At the Charité Lainscak contributed to studies exploring the mechanisms that gave rise to the development of cachexia, and perpetuate the disease once present. These involved obtaining muscle and fat biopsies from HF patients at the outset of diagnosis, and then following subjects up to determine who developed cachexia and what factors contributed. Continuing his collaborations with Anker, Lainscak is involved with the ongoing ‘Studies Investigating Comorbidities Aggravating Heart Failure’ (SICA-HF), where he coordinates patients recruited to the Golnik site, one of 11 centres across six countries in the EU and Russia. The aim of the FP7 funded research, which started in October 2009, is to provide detailed characteristics of patients with HF and comorbidities including obesity, cachexia, and type 2 diabetes. “Little is known about the characteristics of these subgroups of CHF patients. We’re hoping to be able to tease out what’s biochemically different about these distinct groups of patients with the hope of gaining hints about potential therapies,” he explains. By becoming involved in trials and registries, he adds, his goal is to raise the standards of HF treatment in Slovenia. In 2007 Lainscak was appointed head of the Division of Cardiology at the University Clinic for Respiratory and Allergic Diseases at University Clinic, Golnik. “In Slovenia we face a shortage of medical doctors due to the fact that until nine years ago we only had one medical school, and have experienced additional shortfalls due to prolongation of our residency programmes from four to six years.,” says Lainscak. Indeed, the latest Eurostat Regional Year Book reveal that Slovenia has 2.43 doctors per 1000 people, compared to 6.13 in Greece, 3.73 in Germany and 3.27 in France.

In Golnik, where Lainscak works as a non invasive cardiologist, he has developed a particular interest in links between HF and respiratory conditions, in particular COPD. Although available epidemiological data suggests that COPD and CHF exist in up to 30% of patients, he says, surprisingly few patients with HF undergo basic diagnostic workups for COPD, and vice versa. Lainscak is currently undertaking studies using NTproBNP and troponin T as biomarkers to diagnose HF in patients admitted to the emergency room for acute COPD exacerbations (Int J Cardiol 2012, 161: 156- 159). “Since there are no available life-saving treatments for COPD, identifying whether patients have additional CV conditions can be valuable for improving symptoms and outcome,” he says. “It’s important to use biomarkers since it’s difficult to obtain good echocardiography images in patients with COPD.”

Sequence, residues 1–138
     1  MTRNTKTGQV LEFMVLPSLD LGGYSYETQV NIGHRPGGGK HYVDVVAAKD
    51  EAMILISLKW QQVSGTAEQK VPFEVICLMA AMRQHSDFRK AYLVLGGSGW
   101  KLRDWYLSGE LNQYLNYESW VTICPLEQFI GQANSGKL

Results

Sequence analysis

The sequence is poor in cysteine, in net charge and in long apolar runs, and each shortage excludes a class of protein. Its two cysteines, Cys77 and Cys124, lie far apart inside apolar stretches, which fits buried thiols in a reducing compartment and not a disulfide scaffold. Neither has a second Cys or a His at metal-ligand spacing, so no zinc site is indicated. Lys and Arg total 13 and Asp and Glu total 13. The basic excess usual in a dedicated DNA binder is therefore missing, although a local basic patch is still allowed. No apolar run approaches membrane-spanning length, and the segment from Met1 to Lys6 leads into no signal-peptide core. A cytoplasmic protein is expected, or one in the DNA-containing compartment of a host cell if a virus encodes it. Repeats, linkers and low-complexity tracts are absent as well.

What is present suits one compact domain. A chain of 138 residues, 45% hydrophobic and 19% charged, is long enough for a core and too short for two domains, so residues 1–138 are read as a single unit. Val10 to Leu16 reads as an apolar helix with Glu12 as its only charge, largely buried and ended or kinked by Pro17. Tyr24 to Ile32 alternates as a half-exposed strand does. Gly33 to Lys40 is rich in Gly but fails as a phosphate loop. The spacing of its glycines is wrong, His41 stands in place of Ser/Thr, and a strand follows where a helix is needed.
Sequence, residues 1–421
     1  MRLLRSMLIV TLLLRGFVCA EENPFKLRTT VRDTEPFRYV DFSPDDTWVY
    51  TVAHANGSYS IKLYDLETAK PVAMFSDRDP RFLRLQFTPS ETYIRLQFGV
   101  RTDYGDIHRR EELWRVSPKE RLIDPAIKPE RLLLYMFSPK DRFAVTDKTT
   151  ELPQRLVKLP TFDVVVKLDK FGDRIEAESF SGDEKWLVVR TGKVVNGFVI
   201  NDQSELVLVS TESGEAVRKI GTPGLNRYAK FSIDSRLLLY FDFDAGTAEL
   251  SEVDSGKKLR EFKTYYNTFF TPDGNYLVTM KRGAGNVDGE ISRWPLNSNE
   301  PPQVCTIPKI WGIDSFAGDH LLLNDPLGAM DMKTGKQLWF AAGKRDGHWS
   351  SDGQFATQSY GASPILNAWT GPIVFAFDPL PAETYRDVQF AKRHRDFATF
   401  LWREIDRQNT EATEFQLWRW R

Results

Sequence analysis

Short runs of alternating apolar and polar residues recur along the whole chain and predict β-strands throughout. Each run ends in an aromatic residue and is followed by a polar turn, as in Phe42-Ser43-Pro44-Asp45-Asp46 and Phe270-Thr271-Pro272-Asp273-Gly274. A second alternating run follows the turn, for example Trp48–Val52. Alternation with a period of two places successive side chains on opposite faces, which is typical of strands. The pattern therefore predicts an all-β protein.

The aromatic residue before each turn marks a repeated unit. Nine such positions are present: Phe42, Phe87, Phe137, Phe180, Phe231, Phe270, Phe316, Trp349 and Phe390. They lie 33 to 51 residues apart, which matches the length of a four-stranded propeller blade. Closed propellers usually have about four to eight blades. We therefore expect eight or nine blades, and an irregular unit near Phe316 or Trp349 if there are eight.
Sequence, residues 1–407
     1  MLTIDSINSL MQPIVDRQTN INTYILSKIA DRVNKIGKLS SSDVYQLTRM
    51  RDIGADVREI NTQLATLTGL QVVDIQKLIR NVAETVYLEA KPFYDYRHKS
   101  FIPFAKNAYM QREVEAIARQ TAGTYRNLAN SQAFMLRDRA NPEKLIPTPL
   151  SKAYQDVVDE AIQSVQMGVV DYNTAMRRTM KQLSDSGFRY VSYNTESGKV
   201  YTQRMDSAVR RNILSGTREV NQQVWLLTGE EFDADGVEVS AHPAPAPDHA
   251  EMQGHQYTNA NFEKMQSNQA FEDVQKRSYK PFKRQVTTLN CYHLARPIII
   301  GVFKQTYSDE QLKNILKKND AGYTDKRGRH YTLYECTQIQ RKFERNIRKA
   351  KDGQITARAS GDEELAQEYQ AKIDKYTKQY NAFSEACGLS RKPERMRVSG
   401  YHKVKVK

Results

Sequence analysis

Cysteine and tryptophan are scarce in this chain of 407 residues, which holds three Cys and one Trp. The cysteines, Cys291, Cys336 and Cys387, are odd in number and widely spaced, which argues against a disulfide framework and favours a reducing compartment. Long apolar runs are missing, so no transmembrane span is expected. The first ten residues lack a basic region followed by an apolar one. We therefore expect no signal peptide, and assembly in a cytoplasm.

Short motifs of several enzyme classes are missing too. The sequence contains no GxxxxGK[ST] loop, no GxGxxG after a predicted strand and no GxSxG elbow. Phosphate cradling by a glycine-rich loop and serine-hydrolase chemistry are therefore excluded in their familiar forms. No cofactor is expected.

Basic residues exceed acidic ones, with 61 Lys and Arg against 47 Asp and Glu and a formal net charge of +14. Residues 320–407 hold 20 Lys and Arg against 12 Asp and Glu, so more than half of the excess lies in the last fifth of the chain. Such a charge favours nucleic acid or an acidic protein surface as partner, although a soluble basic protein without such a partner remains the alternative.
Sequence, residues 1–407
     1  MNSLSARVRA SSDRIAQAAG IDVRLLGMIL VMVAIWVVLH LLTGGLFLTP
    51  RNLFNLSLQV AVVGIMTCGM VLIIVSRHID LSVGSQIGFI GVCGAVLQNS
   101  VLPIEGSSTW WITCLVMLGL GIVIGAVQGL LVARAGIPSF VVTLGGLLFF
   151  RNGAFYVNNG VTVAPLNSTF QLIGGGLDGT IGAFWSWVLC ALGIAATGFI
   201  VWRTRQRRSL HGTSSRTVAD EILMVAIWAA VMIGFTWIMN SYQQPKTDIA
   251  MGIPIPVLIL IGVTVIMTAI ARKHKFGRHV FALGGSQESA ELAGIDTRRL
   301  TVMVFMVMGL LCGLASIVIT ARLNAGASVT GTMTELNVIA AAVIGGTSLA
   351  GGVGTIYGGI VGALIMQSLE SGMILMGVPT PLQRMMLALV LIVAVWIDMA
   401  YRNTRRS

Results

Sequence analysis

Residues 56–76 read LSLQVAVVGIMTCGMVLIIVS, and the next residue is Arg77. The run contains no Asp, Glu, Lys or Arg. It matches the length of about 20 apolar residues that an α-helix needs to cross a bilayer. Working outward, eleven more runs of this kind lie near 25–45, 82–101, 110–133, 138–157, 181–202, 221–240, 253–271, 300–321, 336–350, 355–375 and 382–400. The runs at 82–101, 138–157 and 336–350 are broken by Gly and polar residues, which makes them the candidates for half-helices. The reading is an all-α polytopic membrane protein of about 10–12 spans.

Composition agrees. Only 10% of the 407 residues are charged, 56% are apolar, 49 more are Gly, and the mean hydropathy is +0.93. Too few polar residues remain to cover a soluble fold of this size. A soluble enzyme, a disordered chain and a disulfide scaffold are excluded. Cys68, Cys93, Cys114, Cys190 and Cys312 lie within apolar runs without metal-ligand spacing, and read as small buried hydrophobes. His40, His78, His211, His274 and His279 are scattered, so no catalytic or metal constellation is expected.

One concern, however, is that if COPD is identified in HF patients clinicians may be reluctant to provide optimal treatments with beta blockers that cause bronchoconstriction. The EuroHeart Failure Survey in 2007 found that beta-blockers were less often used in HF patients with respiratory disease than those without (Eur J Heart Fail 2007, 9: 292-299). “There’s no rationale for withholding beta blockers in COPD since it’s an irreversible obstructive pulmonary disorder which per definition is non reactive to triggers,” says Lainscak.

Even with asthma patients, he adds, evidence suggests beta blockers up regulate beta 2 receptor antagonists. “This provides more places for beta 2 agonists, the treatment of choice in acute asthma attacks. So by prescribing beta blockers to asthma patients you may actually prepare them in advance for acute attacks,” he explains. In a recent study Lainscak and colleagues showed that CHF patients with moderate to severe COPD experience less pulmonary adverse events taking the beta blocker bisoprolol than the beta blocker carvedilol (Respiratory Medicine 2011, 105 S1: S44-S49). “Our take home message, shared by others in the field, is that patients with concomitant pulmonary issues do better on cardio selective beta blockers,” he says.

As a member of the Heart Failure Association’s Patient Care Committee, Lainscak works to promote the optimal management of patients. “To achieve our goal we need to take a multidisciplinary approach educating cardiologists, nurses, GPs and the patients themselves,” he says. Among other projects, he coordinated the Practical Recommendations on Non- Pharmacological Measures (Eur JHF 2011, 13:115-126) and was a member of the panel who prepared the HF curriculum (EurJHF 2014, 16: 151-62). Lainscak sees this work as directly complimentary to his post as chair of the Heart Failure Working Group at the Slovenian Society of Cardiology, where a major task is to increase awareness of the lay public and health care providers. Other current activities include being on the editorial boards of several journals and serving as Associate Editor for ‘Heart&Lungs’ at ‘International Journal of Cardiology’ and for ‘Metabolism’ at ‘Journal of Cachexia, Sarcopenia, and Muscle’. “Being involved in publications gives you an overview of what’s happening in the field, and undoubtedly improves your writing technique,” says Lainscak, who predicts that his hectic work schedule can only get a whole lot worse. That said, he was off to the seaside for a rare weekend of relaxation with his wife and 11 month old son Filip who has just started walking.